1958 Buick Caballero

Discussion in 'Station Wagon Projects' started by jmt455, Aug 5, 2014.

  1. Poison_Ivy

    Poison_Ivy Shovelhead

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    About to permanently cure Joan Sibley's migrane
    If the gasket is still hanging up, I'd try silicone spray. I've had nothing glide rubber material better than it. Soap is a thing belonging to the past, except for staying in the kitchen
     
  2. jmt455

    jmt455 Well-Known Member

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    The tail light housings should be back from chrome plating soon, so it's time to get the sockets, pigtails and lenses ready.

    Here is one of the original tail light pigtail & socket assemblies and the new replacement.
    [​IMG]

    I removed the grommets from the original parts and installed them on the new pigtails
    [​IMG]

    I also had to replace the terminals and pigtails in the license lamp sockets. The rear bumper was removed without first disconnecting the license lamps from the body harness.
    [​IMG]

    All better!
    [​IMG]

    [​IMG]

    So many things to finish!
    Here, you can see the vinyl cover prepared for adhering to the driver's side kick panel.
    [​IMG]20181010_122612 by 2manycars2littletime, on Flickr

    Sprayed contact adhesive on both parts, trimmed & wrapped the edges and used a rubber roller to apply enough pressure to set the adhesive bond.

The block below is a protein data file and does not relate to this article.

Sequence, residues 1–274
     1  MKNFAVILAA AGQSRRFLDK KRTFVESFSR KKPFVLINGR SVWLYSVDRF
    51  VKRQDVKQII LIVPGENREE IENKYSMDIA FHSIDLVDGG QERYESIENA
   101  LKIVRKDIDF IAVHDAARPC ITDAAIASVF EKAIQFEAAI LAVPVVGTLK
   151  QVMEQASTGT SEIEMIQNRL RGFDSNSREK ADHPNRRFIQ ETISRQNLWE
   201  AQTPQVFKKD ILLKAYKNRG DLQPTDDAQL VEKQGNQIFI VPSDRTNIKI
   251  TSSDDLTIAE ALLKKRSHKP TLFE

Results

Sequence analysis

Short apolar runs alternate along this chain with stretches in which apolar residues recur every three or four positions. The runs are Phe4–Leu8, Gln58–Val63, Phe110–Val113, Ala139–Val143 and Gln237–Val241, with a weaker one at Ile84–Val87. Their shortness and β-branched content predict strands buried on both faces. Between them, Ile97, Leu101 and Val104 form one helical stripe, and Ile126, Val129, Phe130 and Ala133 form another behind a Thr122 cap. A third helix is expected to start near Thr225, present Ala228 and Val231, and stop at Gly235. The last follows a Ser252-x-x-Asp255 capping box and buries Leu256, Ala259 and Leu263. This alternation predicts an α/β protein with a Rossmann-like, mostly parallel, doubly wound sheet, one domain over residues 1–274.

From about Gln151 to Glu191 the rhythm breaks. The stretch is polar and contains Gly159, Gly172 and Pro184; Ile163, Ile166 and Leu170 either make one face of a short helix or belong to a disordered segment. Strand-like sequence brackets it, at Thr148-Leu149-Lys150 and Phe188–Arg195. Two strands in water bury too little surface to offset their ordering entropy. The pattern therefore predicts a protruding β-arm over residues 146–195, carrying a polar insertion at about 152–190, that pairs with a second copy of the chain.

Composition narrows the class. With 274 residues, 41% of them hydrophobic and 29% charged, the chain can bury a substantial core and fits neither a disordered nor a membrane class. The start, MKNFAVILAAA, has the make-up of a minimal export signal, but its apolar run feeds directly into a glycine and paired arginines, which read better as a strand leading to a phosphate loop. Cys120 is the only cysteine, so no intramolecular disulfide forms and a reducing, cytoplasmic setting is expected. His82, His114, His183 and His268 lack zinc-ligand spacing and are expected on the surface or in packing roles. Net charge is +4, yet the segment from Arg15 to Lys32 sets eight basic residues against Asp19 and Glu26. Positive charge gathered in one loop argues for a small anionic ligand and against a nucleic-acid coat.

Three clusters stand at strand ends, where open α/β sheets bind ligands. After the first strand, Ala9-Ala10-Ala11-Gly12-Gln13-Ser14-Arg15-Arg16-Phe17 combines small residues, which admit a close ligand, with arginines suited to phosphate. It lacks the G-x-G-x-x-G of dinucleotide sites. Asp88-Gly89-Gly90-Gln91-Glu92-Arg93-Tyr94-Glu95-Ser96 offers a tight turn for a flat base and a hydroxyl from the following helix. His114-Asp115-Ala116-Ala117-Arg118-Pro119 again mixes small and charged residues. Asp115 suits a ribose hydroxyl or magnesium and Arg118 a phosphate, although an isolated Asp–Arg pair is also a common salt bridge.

Here's the driver's side as installed:
    [​IMG]20181010_125439 by 2manycars2littletime, on Flickr

    Passenger panel ready fpr bonding:
    [​IMG]20181010_130503 by 2manycars2littletime, on Flickr

    Assembled with 2-part rivets and installed in the car:
    [​IMG]20181011_080940 by 2manycars2littletime, on Flickr
     
  3. Silvertwinkiehobo

    Silvertwinkiehobo "Nothing is foolproof as fools are ingenious."

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    You're coming down to the wire (pardon the pun); do you have a list of what's left?
     
  4. MotoMike

    MotoMike Well-Known Member

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    Great! Look forward to seeing you and the Buick when you come through Newnan! :)